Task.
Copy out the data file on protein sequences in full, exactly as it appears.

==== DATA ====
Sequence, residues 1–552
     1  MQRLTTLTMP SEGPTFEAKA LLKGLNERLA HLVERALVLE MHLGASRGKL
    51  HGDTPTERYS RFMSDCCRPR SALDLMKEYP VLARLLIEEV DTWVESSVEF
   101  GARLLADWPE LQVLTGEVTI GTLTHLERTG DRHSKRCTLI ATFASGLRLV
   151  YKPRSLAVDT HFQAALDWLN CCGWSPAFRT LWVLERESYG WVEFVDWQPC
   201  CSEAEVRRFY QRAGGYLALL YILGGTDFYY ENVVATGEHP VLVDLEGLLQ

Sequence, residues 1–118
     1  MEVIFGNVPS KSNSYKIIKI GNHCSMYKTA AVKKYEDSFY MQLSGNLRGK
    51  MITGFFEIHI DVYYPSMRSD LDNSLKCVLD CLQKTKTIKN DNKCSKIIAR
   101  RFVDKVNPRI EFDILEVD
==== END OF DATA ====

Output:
Sequence, residues 1–552
     1  MQRLTTLTMP SEGPTFEAKA LLKGLNERLA HLVERALVLE MHLGASRGKL
    51  HGDTPTERYS RFMSDCCRPR SALDLMKEYP VLARLLIEEV DTWVESSVEF
   101  GARLLADWPE LQVLTGEVTI GTLTHLERTG DRHSKRCTLI ATFASGLRLV
   151  YKPRSLAVDT HFQAALDWLN CCGWSPAFRT LWVLERESYG WVEFVDWQPC
   201  CSEAEVRRFY QRAGGYLALL YILGGTDFYY ENVVATGEHP VLVDLEGLLQ

Sequence, residues 1–118
     1  MEVIFGNVPS KSNSYKIIKI GNHCSMYKTA AVKKYEDSFY MQLSGNLRGK
    51  MITGFFEIHI DVYYPSMRSD LDNSLKCVLD CLQKTKTIKN DNKCSKIIAR
   101  RFVDKVNPRI EFDILEVD